Heidelberg Castle History
The development of the castle complex into a medieval ancestral seat certainly began with the award of the electoral dignity to Rudolf II in 1329. (1306 – 1353), the first Palatine elector. Already Ruprecht I. (1309 – 1390), who also founded the University of Heidelberg, ordered various enlargements of the residential buildings and a considerable strengthening of the fortifications.
Subsequent electoral princes visibly expanded the castle as a fortress with representational character. Towers, walls and ramparts were to protect against attacks. The Ruprecht Building, the Library Building, the Ludwig Building and the Glass Hall were mainly used for representation and for the demonstration of power.
Elector Ottheinrich (1502 – 1559) had the Ottheinrichsbau built – an early renaissance building with a magnificent front. The castle thus became a palace. In the following years, the Friedrichsbau, the English Building and the Hortus Palatinus garden are built, among others. This park, laid out in three terraces, with its exotic plants, aberrations, grottos and pleasure houses, was considered the “eighth wonder of the world”, but was never fully completed.
The political entanglements and the Bohemian debacle of Elector Frederick V (1596 – 1632) and the resulting Thirty Years’ War did not bode well for Heidelberg, the palace and its rulers. Destruction and plundering of the town and surrounding villages, a considerably damaged castle and the loss of the electoral dignity were the result of his failed policy. In 1649 the son of Frederick V, Charles I Ludwig, moved into Heidelberg as the new ruler. In the Peace of Westphalia of 1648, the Electoral Palatinate was granted a new electoral dignity again, but with considerably fewer privileges. The Elector began to repair his residence, but for the time being there was no money for important new buildings.
Again political entanglements led to great disaster. In 1671, Elector Karl I Ludwig married his daughter Liselotte of the Palatinate to Philip of Orleans, a brother of the Sun King, Louis XIV, who registered his claim to the inheritance in 1685, when Elector Karl II, who had been in power in Heidelberg for some time, died childless. The War of Palatinate Succession broke out and French troops twice occupied Heidelberg and the castle. While some houses and parts of the castle were still spared during the destruction on 6 March 1689, French soldiers did a great deal of work in 13 June 1693. 27000 pounds of powder brought down towers, and fortification walls during the action “Heidelberg Delta”.
The Heidelberg Castle never fully recovered from the destruction in the War of Succession. In the meantime Mannheim had been appointed the electoral residence city and the elector Carl Theodor conducted his official business from there. In 1764 all plans for a reconstruction were finally destroyed. A lightning strike caused a fire and caused further considerable damage. What remained of the former castle was a ruin left to itself, at best still used as a supplier of high-quality building materials.
The castle ruins became world-famous due to the romanticism that arose at the beginning of the 19th century. After the university was re-founded in 1803, Heidelberg experienced a second heyday and attracted students and young artists from all over Germany. They described the destroyed castle as a symbol of German history and immortalized the building in their paintings, romantic stories or verses. The most famous names from this period are Carl Philipp Fohr, Karl Rottmann and Ernst Fries, Achim von Arnim, Clemens Brentano, Friedrich Hölderlin and Joseph von Eichendorff. Even Johann Wolfgang von Goethe raved about the ruins, the city and the landscape in his diaries, notes and sketches.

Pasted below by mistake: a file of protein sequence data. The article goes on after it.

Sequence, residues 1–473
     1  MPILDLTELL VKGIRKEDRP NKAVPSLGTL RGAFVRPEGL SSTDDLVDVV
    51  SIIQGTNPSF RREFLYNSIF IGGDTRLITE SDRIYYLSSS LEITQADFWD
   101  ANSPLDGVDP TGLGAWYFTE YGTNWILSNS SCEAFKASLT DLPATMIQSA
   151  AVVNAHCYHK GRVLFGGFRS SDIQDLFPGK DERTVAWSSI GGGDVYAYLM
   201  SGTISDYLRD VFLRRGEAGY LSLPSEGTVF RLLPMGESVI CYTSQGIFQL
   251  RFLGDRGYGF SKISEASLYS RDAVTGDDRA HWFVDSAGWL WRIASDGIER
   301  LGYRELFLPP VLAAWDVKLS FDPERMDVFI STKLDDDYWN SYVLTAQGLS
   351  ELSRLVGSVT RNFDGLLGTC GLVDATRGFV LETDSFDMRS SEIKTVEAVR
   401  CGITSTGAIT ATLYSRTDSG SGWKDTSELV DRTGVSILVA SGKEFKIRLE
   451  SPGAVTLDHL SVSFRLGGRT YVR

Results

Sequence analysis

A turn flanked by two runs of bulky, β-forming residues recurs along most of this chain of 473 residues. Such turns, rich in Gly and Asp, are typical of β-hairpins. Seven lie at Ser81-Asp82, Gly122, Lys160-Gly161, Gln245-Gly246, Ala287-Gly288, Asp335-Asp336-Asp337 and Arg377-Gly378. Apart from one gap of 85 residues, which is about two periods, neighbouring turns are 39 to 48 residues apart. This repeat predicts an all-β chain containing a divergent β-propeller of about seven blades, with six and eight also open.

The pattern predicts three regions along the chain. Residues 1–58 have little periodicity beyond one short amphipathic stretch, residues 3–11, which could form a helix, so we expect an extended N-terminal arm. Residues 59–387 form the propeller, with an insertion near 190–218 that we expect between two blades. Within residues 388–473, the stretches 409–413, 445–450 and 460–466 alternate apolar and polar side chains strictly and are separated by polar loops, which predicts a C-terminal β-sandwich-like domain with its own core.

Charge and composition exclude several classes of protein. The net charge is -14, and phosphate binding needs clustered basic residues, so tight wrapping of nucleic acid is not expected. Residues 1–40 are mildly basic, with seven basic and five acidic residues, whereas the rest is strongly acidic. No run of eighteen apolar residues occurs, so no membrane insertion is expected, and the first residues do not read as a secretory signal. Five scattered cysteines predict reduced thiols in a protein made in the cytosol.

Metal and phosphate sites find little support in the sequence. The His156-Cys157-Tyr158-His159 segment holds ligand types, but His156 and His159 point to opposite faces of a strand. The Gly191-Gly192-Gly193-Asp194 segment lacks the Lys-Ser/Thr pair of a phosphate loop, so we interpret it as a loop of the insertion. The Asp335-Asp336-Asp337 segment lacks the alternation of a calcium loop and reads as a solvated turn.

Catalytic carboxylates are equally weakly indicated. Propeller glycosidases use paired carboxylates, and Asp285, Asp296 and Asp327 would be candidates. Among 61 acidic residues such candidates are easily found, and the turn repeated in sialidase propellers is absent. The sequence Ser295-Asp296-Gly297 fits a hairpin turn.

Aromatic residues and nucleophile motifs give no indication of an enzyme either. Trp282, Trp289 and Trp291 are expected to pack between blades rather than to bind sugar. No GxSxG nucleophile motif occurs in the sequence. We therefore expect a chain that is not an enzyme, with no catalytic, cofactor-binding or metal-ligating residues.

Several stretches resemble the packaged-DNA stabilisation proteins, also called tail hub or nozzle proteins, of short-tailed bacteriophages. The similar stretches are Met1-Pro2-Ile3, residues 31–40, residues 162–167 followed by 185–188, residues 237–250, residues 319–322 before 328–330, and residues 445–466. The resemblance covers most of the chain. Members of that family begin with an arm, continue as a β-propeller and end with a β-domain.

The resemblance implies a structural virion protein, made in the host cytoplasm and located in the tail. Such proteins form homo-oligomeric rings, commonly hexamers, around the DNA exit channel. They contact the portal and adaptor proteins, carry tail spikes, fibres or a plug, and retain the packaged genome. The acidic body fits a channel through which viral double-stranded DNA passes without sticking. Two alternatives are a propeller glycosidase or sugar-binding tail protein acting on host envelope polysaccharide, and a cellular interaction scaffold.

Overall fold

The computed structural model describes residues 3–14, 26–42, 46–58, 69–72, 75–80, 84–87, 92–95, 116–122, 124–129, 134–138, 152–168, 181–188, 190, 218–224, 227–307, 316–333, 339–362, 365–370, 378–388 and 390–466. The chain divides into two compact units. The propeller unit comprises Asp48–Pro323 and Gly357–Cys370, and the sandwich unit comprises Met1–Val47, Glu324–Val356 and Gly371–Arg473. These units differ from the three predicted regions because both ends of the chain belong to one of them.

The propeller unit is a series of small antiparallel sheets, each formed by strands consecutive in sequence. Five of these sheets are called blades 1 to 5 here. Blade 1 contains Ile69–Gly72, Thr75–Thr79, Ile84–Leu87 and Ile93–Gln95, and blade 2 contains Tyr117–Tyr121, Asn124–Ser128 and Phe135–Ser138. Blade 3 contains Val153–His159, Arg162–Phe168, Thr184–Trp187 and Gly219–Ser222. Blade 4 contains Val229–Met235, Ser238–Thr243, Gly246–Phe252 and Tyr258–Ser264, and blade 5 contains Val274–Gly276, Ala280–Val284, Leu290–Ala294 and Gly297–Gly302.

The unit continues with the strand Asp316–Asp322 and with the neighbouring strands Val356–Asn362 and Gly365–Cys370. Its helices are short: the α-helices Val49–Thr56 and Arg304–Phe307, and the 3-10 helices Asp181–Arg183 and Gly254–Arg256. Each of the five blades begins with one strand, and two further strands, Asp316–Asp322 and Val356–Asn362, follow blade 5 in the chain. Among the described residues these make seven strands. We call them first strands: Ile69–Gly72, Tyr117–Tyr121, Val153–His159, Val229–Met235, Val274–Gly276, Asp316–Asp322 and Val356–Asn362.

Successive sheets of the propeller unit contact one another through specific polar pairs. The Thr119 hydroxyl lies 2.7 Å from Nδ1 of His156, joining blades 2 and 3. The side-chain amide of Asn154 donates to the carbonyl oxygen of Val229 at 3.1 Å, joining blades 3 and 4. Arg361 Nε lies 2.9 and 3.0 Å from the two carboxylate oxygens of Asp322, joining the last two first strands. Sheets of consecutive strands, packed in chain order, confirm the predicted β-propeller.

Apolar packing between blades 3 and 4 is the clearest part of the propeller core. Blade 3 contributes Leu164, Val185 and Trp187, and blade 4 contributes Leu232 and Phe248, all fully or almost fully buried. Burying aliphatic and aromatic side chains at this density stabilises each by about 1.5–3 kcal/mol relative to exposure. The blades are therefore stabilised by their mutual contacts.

Of all people, a Frenchman, the emigrated Count Charles de Gaimberg (1774 – 1864), became the saviour of the castle ruins. He was the first to make an effort to preserve the ruins. Gaimberg documented the castle in numerous detailed drawings and his art collection later formed the basis of the Kurpfälzisches Museum.
Location & Directions
If you want to go up to the castle, there are several possibilities. You can drive to the castle by car or take the mountain railway at Kornmarkt to start your way to the castle. If you are fit, there are several possibilities to get to the castle by foot. If you pass the car park P12 at Kornmarkt on the left, you have two possibilities to start the ascent to the castle. Either, one climbs more than 300 stairs to the castle and gets straight to the part of the castle where the visitor centre is located. Or one walks a steep path up to the castle and either gets straight to the castle or to the castle garden that offers a fantastic view over Heidelberg.
If you travel to Heidelberg by public transport and would like to visit the castle, it is best to get off at the Heidelberg-Altstadt suburban train stop. From there it is only a few minutes to Kornmarkt if you want to take the mountain railway. If you prefer to walk, you can take the first turn left into the street Friesenberg when you arrive in the Hauptstraße.
If you come by bus, the bus stop Rathaus-Bergbahn is located directly at the mountain railway, where you can get off.